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Portugal

Theaterpolitik of the Troika takes over

Thursday 18 July 2013, by João Camargo

A plot such as the one that has been happening in Portugal for the last two weeks could not have been written by the worst soap opera writers of all time. Politics and democracy have left the building. Portugal has been stripped of any sort of political rationale and the successive episodes and plot turns every day can tell how unsustainable the current government and majority are.

The week before last that there was an important and massive teachers’ strike which stopped national examination and in which the government was forced to stop measures and retreat before the unions’ struggle. Last week there was an important general strike, the fourth this government has withstood and the second called by both union confederations. It was a very successful strike, the strongest since the liberal-conservative coalition took office. There were important notes about this strike: the mood was pro-strike, even between those who did not stop. Even the employers’ association said that there were plenty of reasons for a general strike.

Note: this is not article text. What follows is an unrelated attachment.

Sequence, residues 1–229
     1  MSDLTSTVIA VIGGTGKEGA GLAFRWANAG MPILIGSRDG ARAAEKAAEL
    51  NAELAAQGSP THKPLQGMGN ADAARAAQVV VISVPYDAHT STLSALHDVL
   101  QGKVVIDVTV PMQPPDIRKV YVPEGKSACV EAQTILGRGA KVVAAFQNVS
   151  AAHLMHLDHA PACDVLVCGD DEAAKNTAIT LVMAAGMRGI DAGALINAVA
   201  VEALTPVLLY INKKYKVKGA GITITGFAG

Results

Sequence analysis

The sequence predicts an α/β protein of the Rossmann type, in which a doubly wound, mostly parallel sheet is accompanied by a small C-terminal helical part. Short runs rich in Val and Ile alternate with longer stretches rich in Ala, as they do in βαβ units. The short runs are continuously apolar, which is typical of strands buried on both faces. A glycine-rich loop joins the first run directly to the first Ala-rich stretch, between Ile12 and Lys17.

On Monday Vítor Gaspar, Finance Minister and a high-ranking official in the European Central Bank (supposedly on leave), tendered his resignation. In the letter he wrote, he talked about the insurmountable pressure about his two previous requests for resignation, after the two massive protests of September and March against the troika and the government. He also spoke of the recurrent mistakes in prediction of macroeconomic outcomes, and specially about the lack of political strength he had to further implement the reforms and cuts comprised in the troika memorandum. He said his departure would strengthen the government and thank the friendship he had shared with the prime-minister, Passos Coelho. His predictions were once again wrong.